Here are a few of our favorite pieces.

Vies of Florence from an upper windows of the gallery.

Lastly there was an exhibit of work by a modern artist that was compelling.

This appeared to be a pile of stones.  As I walked around it |I realized something totally different.

Having caught a cold during our visit, and honestly, a bit fatigued from walking over five miles each of the three days, we opted to stay in our cottage and relax for a full day.  We had planned to visit Bologna and decided it would be better to make a quick visit the next day in route to Verona.


Bigwallpaul said...

Tom and Bobbie! What a wonderful surprise to see you here. I have often fondly recalled my winter trips to AK but most especially Feb 2007 when you, Bobbie, performed the marriage ceremony for Theresa and me on top of Flattop Mt. in the middle of winter. Yesterday, I was clearing out a file cabinet when I came to "Alaska 2007" and thought I'd see what was up with the alaskanleopard. Amazing and inspiring! Theresa and I are lightening-up. We are shedding stuff and putting some in storage in preparation to be homeless and go do the Camino de Santiago May to Aug. Also visiting Iceland, France, and more. I am facinated by what you are doing and your wonderful blogs, especially since we are planning to do a mini-version of that; taking off for Europe with just backpacks. Much more to say and lots of questions about details of nomadism.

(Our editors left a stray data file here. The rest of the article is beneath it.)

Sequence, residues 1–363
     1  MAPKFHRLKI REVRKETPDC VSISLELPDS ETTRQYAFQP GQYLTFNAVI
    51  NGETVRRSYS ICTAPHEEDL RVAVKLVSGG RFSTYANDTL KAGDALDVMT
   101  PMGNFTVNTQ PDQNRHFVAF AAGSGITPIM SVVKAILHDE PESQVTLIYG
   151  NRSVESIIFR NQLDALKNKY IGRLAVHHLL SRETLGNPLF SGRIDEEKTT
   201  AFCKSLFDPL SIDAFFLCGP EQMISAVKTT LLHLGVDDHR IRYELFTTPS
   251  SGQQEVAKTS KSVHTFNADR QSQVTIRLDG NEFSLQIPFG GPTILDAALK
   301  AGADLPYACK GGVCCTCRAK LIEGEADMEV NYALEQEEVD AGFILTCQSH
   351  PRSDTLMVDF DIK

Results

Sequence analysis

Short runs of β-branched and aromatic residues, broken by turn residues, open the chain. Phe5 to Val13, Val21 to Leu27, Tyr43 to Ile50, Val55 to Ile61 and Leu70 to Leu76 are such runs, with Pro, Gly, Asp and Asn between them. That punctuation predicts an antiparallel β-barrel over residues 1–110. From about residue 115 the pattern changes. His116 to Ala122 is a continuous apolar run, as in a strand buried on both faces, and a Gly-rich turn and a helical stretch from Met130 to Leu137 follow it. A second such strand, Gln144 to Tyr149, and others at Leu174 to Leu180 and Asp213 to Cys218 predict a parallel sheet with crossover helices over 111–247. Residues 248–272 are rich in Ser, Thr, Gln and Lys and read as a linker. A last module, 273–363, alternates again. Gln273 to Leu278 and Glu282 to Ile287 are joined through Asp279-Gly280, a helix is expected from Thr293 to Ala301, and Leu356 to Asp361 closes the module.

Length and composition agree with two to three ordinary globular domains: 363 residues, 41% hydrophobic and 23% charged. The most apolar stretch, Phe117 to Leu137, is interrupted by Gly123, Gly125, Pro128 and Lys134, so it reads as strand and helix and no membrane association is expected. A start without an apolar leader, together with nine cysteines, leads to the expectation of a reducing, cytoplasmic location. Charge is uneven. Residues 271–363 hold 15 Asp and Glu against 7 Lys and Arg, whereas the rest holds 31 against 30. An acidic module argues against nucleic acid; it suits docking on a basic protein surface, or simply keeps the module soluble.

Congratulations to two amazing and wonderful people doing what most only dream of!
--Paul and Theresa

Tom and Bobbie Lucido said...

Hi Paul and Theresa. What a lovely surprise indeed. It is so nice to hear from you while we are on journey. Yes, please do continue to follow us and use our website contact on our blog profile page to contact us directly for further information on the nomaic lifestyle. It's a blast. We too are thinking about doing a small portion of the "camino" next January after returning from Africa. Iceland was awesome.